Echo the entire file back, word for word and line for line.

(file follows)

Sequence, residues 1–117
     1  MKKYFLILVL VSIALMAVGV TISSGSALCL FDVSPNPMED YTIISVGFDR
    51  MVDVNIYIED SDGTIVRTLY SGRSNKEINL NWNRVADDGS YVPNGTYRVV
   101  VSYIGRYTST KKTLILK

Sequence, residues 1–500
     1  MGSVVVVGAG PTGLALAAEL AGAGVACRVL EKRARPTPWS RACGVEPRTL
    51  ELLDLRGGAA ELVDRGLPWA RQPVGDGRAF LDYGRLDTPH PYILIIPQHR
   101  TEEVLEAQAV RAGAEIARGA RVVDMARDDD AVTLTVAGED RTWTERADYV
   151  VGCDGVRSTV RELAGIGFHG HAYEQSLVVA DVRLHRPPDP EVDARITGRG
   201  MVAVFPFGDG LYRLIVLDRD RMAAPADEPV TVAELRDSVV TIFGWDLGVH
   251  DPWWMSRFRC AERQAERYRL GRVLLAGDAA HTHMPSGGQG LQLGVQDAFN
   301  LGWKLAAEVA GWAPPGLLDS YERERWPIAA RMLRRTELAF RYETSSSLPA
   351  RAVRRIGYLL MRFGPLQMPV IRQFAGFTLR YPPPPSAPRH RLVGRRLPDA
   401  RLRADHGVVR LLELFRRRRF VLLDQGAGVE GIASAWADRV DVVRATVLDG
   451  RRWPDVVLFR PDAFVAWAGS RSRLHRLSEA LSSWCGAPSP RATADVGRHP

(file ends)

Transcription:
Sequence, residues 1–117
     1  MKKYFLILVL VSIALMAVGV TISSGSALCL FDVSPNPMED YTIISVGFDR
    51  MVDVNIYIED SDGTIVRTLY SGRSNKEINL NWNRVADDGS YVPNGTYRVV
   101  VSYIGRYTST KKTLILK

Sequence, residues 1–500
     1  MGSVVVVGAG PTGLALAAEL AGAGVACRVL EKRARPTPWS RACGVEPRTL
    51  ELLDLRGGAA ELVDRGLPWA RQPVGDGRAF LDYGRLDTPH PYILIIPQHR
   101  TEEVLEAQAV RAGAEIARGA RVVDMARDDD AVTLTVAGED RTWTERADYV
   151  VGCDGVRSTV RELAGIGFHG HAYEQSLVVA DVRLHRPPDP EVDARITGRG
   201  MVAVFPFGDG LYRLIVLDRD RMAAPADEPV TVAELRDSVV TIFGWDLGVH
   251  DPWWMSRFRC AERQAERYRL GRVLLAGDAA HTHMPSGGQG LQLGVQDAFN
   301  LGWKLAAEVA GWAPPGLLDS YERERWPIAA RMLRRTELAF RYETSSSLPA
   351  RAVRRIGYLL MRFGPLQMPV IRQFAGFTLR YPPPPSAPRH RLVGRRLPDA
   401  RLRADHGVVR LLELFRRRRF VLLDQGAGVE GIASAWADRV DVVRATVLDG
   451  RRWPDVVLFR PDAFVAWAGS RSRLHRLSEA LSSWCGAPSP RATADVGRHP